(Bloomberg) -- A recent rebound in global risk appetite has been dented after rising anger against China’s Covid curbs erupted in protests that risk triggering a government crackdown, while the growing number of infections in the country has tempered optimism that the world’s No. 2 economy will re-open any time soon.
Haven assets such as the Japanese yen and Swiss franc found buyers while stocks and commodities took a hit as the impact of the protests rippled across the globe. While it’s unclear how Beijing will respond to the surge in discontent, the threat of rising social instability is putting traders on edge.
The turn of events, may complicate matters for investors who had positioned for a recovery in Chinese assets after authorities rolled back some Covid curbs this month. The protests, triggered by a deadly fire in an apartment under lockdown in a western city, also threaten to dilute a moderate, well-anticipated monetary easing step by China’s central bank Friday.
According to Adam Cole, head of foreign-exchange strategy at RBC Europe in London, the potential for more lockdowns and their impact on economic recovery is the main threat in the longer term.
“The infection data is putting 40,000 on today’s numbers, and we’re only getting into the winter months, so the potential of that getting worse going forward is arguably more important than the protests,” he said. “That’s where we see the risk going forward.”
The yen rose to its strongest level against the greenback in three months at 137.50 per dollar. European sovereign bonds eased, after rallying in early trade.
Risk assets such as oil took a tumble as investors factored in a possible slowdown in demand. The onshore yuan plunged as much as 1.1% to around 7.24 per dollar, paring its rally in November. The Australian dollar and South Korean won slid more than 1%.
“Now, reality kicks in and investors will have to re-adjust their overly optimistic view on reopening,” said Lu Ting, chief China economist at Nomura Holdings Inc. “Related markets might be tumultuous this week. Reopening will be slow, painful and bumpy.”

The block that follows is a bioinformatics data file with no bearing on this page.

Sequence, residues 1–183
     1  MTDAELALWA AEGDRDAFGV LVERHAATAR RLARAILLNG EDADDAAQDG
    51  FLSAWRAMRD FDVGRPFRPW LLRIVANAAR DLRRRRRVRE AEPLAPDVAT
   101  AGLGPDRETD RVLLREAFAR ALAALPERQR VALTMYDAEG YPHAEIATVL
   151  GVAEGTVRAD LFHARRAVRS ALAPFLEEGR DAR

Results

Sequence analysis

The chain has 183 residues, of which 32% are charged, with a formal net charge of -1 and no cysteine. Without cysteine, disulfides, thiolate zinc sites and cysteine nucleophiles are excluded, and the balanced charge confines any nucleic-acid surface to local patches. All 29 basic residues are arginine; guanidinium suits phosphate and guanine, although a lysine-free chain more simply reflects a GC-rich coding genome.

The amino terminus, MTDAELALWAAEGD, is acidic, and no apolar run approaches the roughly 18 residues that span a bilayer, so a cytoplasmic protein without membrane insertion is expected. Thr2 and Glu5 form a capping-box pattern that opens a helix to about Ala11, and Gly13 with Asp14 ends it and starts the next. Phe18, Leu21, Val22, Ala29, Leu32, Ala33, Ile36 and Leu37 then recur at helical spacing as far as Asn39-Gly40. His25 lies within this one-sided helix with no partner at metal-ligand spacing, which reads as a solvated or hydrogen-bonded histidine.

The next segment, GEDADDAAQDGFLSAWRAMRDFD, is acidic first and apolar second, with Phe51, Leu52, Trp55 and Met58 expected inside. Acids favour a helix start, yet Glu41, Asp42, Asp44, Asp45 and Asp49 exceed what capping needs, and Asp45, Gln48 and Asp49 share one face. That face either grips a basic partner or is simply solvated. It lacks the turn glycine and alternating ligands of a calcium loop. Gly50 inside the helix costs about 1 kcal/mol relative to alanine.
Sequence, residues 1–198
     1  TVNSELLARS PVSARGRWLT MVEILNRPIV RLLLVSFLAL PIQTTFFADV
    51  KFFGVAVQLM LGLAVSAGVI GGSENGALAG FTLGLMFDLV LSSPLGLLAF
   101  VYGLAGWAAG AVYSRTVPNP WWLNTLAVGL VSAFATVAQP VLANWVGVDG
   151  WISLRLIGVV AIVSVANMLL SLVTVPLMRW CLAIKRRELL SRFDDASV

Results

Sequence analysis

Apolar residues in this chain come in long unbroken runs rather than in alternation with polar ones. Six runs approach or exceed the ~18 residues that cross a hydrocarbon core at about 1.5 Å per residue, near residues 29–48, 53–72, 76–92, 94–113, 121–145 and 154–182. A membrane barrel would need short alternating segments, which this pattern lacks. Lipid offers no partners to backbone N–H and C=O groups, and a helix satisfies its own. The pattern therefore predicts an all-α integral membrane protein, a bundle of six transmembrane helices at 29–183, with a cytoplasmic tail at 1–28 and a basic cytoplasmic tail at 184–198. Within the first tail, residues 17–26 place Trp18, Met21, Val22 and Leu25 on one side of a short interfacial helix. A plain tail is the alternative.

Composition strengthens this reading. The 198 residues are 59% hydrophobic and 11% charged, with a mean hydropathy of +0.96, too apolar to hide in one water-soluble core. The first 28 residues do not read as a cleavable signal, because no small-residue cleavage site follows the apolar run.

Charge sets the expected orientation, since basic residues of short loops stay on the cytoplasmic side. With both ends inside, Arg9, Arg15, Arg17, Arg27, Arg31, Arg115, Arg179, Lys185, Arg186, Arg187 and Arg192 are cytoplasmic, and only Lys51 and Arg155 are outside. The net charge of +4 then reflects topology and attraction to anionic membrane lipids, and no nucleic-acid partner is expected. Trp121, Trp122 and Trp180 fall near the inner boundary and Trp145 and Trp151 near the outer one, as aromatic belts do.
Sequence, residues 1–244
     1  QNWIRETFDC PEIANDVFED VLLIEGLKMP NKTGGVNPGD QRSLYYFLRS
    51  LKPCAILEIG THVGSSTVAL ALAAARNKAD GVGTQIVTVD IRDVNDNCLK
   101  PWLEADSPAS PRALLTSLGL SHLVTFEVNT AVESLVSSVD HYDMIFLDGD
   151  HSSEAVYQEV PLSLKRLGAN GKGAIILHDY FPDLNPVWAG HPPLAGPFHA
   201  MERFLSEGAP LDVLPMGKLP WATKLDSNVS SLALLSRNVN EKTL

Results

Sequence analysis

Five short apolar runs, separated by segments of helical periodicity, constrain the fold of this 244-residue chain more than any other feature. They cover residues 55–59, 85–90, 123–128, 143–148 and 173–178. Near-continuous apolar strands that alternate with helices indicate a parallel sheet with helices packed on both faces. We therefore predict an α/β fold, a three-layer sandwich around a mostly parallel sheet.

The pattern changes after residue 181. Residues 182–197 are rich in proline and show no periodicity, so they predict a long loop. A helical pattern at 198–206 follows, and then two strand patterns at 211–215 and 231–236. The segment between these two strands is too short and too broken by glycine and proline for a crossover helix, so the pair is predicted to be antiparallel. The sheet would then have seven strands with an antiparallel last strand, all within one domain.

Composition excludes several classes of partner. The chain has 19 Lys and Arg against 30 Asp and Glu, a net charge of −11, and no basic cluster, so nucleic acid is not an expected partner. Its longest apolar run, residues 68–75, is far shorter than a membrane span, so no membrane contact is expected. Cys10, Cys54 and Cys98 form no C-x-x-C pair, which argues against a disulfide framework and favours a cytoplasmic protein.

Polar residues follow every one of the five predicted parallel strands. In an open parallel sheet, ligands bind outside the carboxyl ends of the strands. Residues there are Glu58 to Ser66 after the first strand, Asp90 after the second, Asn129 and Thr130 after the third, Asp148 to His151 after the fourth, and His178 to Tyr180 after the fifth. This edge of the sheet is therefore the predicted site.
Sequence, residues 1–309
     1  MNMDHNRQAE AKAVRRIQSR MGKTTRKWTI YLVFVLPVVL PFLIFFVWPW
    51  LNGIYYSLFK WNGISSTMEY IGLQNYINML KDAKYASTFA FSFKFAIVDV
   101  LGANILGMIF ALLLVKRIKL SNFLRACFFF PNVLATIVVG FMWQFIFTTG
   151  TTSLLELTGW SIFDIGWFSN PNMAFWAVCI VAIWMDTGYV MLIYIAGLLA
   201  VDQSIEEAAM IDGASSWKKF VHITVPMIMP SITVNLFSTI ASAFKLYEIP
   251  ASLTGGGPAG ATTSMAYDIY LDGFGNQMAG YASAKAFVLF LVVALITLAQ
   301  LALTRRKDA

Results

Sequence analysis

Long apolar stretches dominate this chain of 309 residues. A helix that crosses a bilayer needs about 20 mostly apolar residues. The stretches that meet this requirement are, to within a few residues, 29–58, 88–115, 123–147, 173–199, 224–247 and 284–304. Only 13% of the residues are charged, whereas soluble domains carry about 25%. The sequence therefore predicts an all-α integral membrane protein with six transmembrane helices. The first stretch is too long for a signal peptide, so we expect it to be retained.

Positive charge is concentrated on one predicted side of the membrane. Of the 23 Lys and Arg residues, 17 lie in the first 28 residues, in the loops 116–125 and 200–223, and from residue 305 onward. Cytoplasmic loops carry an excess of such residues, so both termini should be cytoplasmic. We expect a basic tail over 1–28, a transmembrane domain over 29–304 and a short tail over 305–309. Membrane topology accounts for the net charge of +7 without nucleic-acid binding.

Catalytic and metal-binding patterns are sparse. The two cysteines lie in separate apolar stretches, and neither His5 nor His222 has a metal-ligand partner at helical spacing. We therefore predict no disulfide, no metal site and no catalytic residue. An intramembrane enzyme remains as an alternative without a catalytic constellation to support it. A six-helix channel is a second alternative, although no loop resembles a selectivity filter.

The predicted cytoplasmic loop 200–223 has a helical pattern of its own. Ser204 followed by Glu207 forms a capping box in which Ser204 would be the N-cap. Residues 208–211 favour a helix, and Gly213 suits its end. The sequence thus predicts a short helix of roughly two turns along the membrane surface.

Earlier this month, optimism had re-emerged in Chinese markets after Beijing cut quarantine periods and dialed back testing, triggering a rally that’s added almost $370 billion to the MSCI China Index. The yuan had surged to an eight-week high, while a property rescue package fueled a rebound in developer bonds.
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But the gains are unraveling due to the protests, especially in equities, where investors are weighing their next move following a recent rally. Caution is setting in despite a growing chorus of bullish China calls on Wall Street that cite cheap valuations and friendlier policies. On Monday, the Hang Seng China Enterprises Index slumped more than 4%.
In global markets, the unrest in China may also dash hopes for a gauge of emerging-market currencies to record its best monthly rally since 2018.
“Protests over China’s flip-flop on zero Covid policies that’s dragging on the offshore yuan is likely to pose headwinds to other emerging Asia currencies as well,” Vishnu Varathan, head of economics & strategy at Mizuho Bank Ltd. in Singapore, wrote in a note. “Looking for one clear signal to trade on is going to be a challenge this week. But caution and a bias for haven should keep the dollar bid on dips, if not provide some lift.”
Still, over the medium term, the protests may end up being positive for markets if they encourage President Xi Jinping to accelerate China’s exit from Covid Zero, according to Gabriel Wildau, managing director at advisory firm Teneo Holdings LLC in New York.
“I don’t expect Xi to publicly admit error or show weakness, but this wave of protests could cause the leadership to decide privately that the exit needs to proceed more quickly than previously planned,” he said.
--With assistance from Jacob Gu, Chester Yung, Libby Cherry and Naomi Tajitsu.
(Updates comment in fifth, pricing. A previous version of this story corrected the price for the Australian dollar.)
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